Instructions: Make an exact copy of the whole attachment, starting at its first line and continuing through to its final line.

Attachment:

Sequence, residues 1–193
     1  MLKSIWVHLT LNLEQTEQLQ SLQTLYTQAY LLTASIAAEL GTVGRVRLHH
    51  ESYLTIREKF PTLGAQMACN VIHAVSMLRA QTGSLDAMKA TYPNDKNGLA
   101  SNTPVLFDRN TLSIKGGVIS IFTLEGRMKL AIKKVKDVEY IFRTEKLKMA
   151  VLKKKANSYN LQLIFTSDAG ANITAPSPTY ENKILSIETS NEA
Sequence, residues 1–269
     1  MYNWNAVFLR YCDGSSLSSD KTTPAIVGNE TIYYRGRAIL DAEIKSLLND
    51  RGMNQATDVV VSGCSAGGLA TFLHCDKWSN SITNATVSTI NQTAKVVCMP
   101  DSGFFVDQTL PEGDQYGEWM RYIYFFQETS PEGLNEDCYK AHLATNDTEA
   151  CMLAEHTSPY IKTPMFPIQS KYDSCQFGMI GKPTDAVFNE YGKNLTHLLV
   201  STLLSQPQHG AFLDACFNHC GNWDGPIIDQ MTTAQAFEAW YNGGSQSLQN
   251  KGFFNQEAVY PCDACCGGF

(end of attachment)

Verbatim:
Sequence, residues 1–193
     1  MLKSIWVHLT LNLEQTEQLQ SLQTLYTQAY LLTASIAAEL GTVGRVRLHH
    51  ESYLTIREKF PTLGAQMACN VIHAVSMLRA QTGSLDAMKA TYPNDKNGLA
   101  SNTPVLFDRN TLSIKGGVIS IFTLEGRMKL AIKKVKDVEY IFRTEKLKMA
   151  VLKKKANSYN LQLIFTSDAG ANITAPSPTY ENKILSIETS NEA
Sequence, residues 1–269
     1  MYNWNAVFLR YCDGSSLSSD KTTPAIVGNE TIYYRGRAIL DAEIKSLLND
    51  RGMNQATDVV VSGCSAGGLA TFLHCDKWSN SITNATVSTI NQTAKVVCMP
   101  DSGFFVDQTL PEGDQYGEWM RYIYFFQETS PEGLNEDCYK AHLATNDTEA
   151  CMLAEHTSPY IKTPMFPIQS KYDSCQFGMI GKPTDAVFNE YGKNLTHLLV
   201  STLLSQPQHG AFLDACFNHC GNWDGPIIDQ MTTAQAFEAW YNGGSQSLQN
   251  KGFFNQEAVY PCDACCGGF